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Gabriel Garcia Marquez: A Latin American in Search of His Identity, by Harriet J. Bauman

Guide Entry to 89.03.01:

“In my beginning is my end. . . . In my end is my beginning.” These lines from T.S. Eliot’s “Four Quartets” illustrate one of the major themes in Latin American fiction, a search for, and a definition of, self. This quest is an important leit motif in Gabriel Garcia Marquez’ novels and short stories. I have chosen five of Garcia Marquez’ short stories, “Death Constant Beyond Love,” “Tuesday Siesta,” “One of These Days,” “Balthazar’s Marvelous Afternoon,” and “Big Mama’s Funeral” to form this unit. The students for whom this unit is designed, are in a ninth grade Language Exploratory class. They spend twenty weeks learning conversational Spanish as well as learning about the Spanish-speaking world. For the section on Latin America, we will spend five weeks reading the stories mentioned above and doing the classroom activities mentioned in the unit. We will concentrate on the biographical information that Garcia Marquez includes in his fiction, as well as information about Latin American culture and history, and the author’s point of view concerning his culture.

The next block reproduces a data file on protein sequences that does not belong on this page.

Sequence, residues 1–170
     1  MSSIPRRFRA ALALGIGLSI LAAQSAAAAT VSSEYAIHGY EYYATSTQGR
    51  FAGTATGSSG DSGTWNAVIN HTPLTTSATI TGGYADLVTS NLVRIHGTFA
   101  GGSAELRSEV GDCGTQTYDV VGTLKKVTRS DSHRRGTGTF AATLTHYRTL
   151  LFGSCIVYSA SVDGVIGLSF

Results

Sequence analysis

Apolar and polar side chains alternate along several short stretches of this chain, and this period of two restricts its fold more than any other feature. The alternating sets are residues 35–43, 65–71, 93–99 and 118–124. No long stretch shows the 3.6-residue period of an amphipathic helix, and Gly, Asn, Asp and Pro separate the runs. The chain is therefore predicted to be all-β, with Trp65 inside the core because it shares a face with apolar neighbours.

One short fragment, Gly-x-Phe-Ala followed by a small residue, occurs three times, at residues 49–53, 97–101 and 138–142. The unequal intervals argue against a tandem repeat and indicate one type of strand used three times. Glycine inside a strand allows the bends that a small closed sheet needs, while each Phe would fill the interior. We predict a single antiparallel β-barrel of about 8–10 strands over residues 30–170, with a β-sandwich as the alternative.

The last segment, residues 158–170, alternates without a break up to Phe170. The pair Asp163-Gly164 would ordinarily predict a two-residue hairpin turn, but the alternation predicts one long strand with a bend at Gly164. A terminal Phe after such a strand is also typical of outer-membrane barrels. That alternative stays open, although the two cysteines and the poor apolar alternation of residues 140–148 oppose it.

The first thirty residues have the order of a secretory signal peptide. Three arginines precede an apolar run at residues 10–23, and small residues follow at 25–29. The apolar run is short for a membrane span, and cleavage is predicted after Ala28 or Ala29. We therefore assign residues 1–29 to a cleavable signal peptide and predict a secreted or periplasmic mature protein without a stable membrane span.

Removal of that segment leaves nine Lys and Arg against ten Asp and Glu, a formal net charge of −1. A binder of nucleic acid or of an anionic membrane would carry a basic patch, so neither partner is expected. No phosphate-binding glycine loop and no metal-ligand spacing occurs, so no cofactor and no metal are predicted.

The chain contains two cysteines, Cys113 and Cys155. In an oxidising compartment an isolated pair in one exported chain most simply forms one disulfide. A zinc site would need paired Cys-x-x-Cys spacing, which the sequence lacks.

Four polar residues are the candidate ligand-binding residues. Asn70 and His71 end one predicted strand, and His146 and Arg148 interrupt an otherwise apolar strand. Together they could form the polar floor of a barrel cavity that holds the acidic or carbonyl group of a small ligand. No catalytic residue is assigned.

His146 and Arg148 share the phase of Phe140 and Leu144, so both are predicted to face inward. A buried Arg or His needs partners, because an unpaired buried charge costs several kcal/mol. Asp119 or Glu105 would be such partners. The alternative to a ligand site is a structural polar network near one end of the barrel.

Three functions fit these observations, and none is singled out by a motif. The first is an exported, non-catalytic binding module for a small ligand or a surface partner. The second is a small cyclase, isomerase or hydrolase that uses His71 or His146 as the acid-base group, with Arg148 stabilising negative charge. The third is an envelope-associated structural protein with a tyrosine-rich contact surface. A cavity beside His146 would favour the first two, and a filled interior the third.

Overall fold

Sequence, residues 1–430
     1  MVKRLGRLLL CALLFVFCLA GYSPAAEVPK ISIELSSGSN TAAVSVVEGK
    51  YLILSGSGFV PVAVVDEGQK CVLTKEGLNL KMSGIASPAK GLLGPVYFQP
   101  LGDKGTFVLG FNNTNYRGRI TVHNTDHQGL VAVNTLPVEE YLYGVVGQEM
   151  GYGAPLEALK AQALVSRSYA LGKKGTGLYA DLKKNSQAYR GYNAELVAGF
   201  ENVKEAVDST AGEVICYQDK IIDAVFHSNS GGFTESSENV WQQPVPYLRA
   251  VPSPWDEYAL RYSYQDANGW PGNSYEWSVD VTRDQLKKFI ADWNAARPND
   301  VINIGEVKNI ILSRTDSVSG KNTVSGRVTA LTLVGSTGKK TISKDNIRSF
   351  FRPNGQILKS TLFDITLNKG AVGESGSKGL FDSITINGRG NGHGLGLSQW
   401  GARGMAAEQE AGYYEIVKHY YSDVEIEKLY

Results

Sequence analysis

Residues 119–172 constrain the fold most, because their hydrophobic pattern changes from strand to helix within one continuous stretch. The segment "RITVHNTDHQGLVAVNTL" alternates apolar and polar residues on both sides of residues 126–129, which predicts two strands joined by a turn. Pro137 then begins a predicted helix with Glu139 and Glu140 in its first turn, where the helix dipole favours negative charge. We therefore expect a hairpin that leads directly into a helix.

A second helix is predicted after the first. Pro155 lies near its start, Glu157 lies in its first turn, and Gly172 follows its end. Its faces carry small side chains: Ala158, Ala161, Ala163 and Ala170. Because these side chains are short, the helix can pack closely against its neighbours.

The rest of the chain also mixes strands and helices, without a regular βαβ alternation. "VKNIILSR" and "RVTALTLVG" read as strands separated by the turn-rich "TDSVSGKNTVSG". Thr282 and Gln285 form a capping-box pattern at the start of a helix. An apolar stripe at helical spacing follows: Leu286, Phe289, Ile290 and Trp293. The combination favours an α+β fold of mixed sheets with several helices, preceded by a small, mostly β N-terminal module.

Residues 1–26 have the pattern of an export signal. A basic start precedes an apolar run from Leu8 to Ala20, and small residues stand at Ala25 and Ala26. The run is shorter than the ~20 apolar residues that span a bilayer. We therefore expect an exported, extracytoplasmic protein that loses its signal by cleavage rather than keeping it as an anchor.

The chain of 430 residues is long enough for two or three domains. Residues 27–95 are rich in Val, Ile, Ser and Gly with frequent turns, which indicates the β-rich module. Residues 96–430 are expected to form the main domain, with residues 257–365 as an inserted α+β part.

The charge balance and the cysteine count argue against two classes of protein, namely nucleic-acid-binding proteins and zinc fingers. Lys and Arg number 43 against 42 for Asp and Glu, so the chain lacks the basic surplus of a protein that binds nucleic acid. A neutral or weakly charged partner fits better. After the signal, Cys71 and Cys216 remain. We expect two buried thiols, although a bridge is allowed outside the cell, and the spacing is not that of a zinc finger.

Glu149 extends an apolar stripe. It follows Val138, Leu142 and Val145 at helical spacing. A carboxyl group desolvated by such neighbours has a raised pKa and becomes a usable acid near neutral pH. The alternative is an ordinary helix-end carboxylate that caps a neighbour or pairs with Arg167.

As young teenagers, my students are searching for their identities. This unit helps to reinforce ideas expressed in their English and Social Studies classes on the topics of “Who am I?” and “Where have I come from?” and “Where am I going?” It also introduces another element into the students’ exploration: a way of understanding another culture.

(Recommended for Spanish I-V, World Literature, World History, Comparative Literature, and Bilingual classes, grades 9-12; and Exploratory Spanish, grades 9-11)

Key Words

Short Story Marquez Gabriel Garcis Spanish English Bilingualism Literature Latin America American Spanish

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